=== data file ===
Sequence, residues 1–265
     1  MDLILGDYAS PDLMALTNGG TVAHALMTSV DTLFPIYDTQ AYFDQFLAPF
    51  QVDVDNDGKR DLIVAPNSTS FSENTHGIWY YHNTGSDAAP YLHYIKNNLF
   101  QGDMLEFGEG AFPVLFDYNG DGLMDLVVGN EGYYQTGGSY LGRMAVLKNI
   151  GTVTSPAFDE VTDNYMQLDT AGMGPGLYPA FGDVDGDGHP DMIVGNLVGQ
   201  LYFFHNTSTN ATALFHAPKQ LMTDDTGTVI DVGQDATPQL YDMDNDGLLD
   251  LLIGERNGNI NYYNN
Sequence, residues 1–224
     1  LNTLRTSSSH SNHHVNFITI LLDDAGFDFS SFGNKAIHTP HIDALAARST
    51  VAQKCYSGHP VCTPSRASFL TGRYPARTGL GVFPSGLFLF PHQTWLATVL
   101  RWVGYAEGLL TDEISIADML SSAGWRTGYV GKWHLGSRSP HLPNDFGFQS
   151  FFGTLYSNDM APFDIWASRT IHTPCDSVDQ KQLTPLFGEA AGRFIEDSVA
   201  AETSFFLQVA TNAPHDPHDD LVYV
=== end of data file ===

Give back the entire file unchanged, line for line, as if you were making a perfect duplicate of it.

Sequence, residues 1–265
     1  MDLILGDYAS PDLMALTNGG TVAHALMTSV DTLFPIYDTQ AYFDQFLAPF
    51  QVDVDNDGKR DLIVAPNSTS FSENTHGIWY YHNTGSDAAP YLHYIKNNLF
   101  QGDMLEFGEG AFPVLFDYNG DGLMDLVVGN EGYYQTGGSY LGRMAVLKNI
   151  GTVTSPAFDE VTDNYMQLDT AGMGPGLYPA FGDVDGDGHP DMIVGNLVGQ
   201  LYFFHNTSTN ATALFHAPKQ LMTDDTGTVI DVGQDATPQL YDMDNDGLLD
   251  LLIGERNGNI NYYNN
Sequence, residues 1–224
     1  LNTLRTSSSH SNHHVNFITI LLDDAGFDFS SFGNKAIHTP HIDALAARST
    51  VAQKCYSGHP VCTPSRASFL TGRYPARTGL GVFPSGLFLF PHQTWLATVL
   101  RWVGYAEGLL TDEISIADML SSAGWRTGYV GKWHLGSRSP HLPNDFGFQS
   151  FFGTLYSNDM APFDIWASRT IHTPCDSVDQ KQLTPLFGEA AGRFIEDSVA
   201  AETSFFLQVA TNAPHDPHDD LVYV